2019 Computational Psychiatry Summer Course

Course materials can be found here

July 29-30, 2019

The Metropolitan Museum of Art, New York, NY

Bonnie J. Sacerdote Lecture Hall (enter on 81st St and 5th Ave)

Cost (including talks, coffee/tea/snack, and lunch on both days, plus free entry to the museum):

£180 GBP (after April 1st, 2019)

Register for the main event here

Sign up for updates here

*New feature: Register for the free pre-course introductory workshop here

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 ABOUT

What is Computational Psychiatry?

Computational psychiatry is a new interdisciplinary field which seeks to characterize mental disorders in terms of aberrant computations at multiple scales. In recent years the field of human neuroscience, particularly functional neuroimaging, has begun to address the underlying neurobiology of changes in brain function related to psychiatric disease. This effort has produced some exciting early discoveries, but it has also highlighted the need for computational models that can bridge the explanatory gap between pathophysiology and psychopathology. The expertise and quantitative tools required to address this gap exist only across disciplines, combining skills and knowledge from investigators and clinicians that are jointly interested in solving problems of mental health. 

What Is the Aim and Scope of This Course?

​One of the central concerns in computational neuroscience is to construct theoretical accounts of normal mental function that link characterizations of neurobiology, psychology and aspects of the environment. In Computational Psychiatry, these theories, realized in models at various scales, are used to elucidate dysfunction.
This course aims to equip the next generation of scientists and clinicians who study mental disorder with the tools to understand, to build, to analyse and to critically evaluate computational models of mental function and dysfunction.

What are the prerequisites for attending this course?

 - You should have a strong interest in applying computational methods to psychiatric research.
- No prior experience in psychiatry or computational modelling is required.


 

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 SPEAKERS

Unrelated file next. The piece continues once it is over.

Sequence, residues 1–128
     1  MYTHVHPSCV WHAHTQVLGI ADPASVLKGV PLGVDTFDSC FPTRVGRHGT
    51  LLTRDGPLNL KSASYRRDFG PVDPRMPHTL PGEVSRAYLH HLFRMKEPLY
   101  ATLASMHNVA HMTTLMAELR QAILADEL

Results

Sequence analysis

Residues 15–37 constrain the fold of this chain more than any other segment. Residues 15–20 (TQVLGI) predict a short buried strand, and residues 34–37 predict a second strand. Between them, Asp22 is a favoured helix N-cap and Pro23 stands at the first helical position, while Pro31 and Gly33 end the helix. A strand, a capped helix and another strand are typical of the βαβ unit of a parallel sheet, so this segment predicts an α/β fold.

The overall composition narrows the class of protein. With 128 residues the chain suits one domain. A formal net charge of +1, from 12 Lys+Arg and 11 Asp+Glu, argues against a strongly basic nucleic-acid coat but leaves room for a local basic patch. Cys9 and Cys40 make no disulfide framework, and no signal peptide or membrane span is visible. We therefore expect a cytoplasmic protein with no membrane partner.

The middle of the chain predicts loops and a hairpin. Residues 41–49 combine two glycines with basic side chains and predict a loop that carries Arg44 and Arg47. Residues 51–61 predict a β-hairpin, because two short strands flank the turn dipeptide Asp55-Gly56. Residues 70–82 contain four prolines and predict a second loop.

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SCHEDULE

(tentative)

Day 1, Monday, July 29, 2019

 

9:00 AM    Rene Kahn: Opening speech

9:15 AM    Peter Dayan: Theoretical approaches to function and dysfunction

 

9:45 AM    Christoph Mathys: Bayesian inference

 

10:30 AM  Coffee break (included)

 

11:00 AM  Peter Dayan: Reinforcement learning

 

11:45 AM  Nathaniel Daw: Model-based and model-free control

 

12:30 PM  Lunch break (included)

1:30 PM    Read Montague: Social agents

2:15 PM    Yael Niv: Model fitting and model comparison

 

3:00 PM    Coffee break (included)

3:30 PM    Yael Niv: Modeling example

4:15 PM    Guillermo Cecchi: Natural language processing in disorders


4:30 PM    Michele Ferrante: NIH funding opportunities for computational psychiatry

4:45 PM    Panel discussion with Jean Zarate

5:30 PM    End

 

6:15 PM    Networking reception (The Auction House, 300 E 89th St, New York)

 

Day 2, Tuesday, July 30, 2019

 

9:00 AM    Rick Adams: Schizophrenia

9:40 AM    Becky Lawson: Autism Spectrum Disorder

10:20 AM  Coffee break (included)

 

10:50 AM  Robb Rutledge: Depression

11:30 AM  Sonia Bishop: Anxiety

12:10 PM  Lunch break (included)

2:10 PM    Daniela Schiller: Trauma-related disorders

2:50 PM    Xiaosi Gu: Addiction

 

3:30 PM    Coffee break (included)

 

4:00 PM    Read Montague: Deep phenotyping

4:20 PM    Matthew Botvinick: AI, neuroscience, and psychiatry (Keynote)*

5:30 PM    End 

 

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Registration

Registration is now open! Please use this link

July 29-30, 2019

The Metropolitan Museum, New York, NY

Bonnie J. Sacerdote Lecture Hall (enter on 81st St and 5th Ave)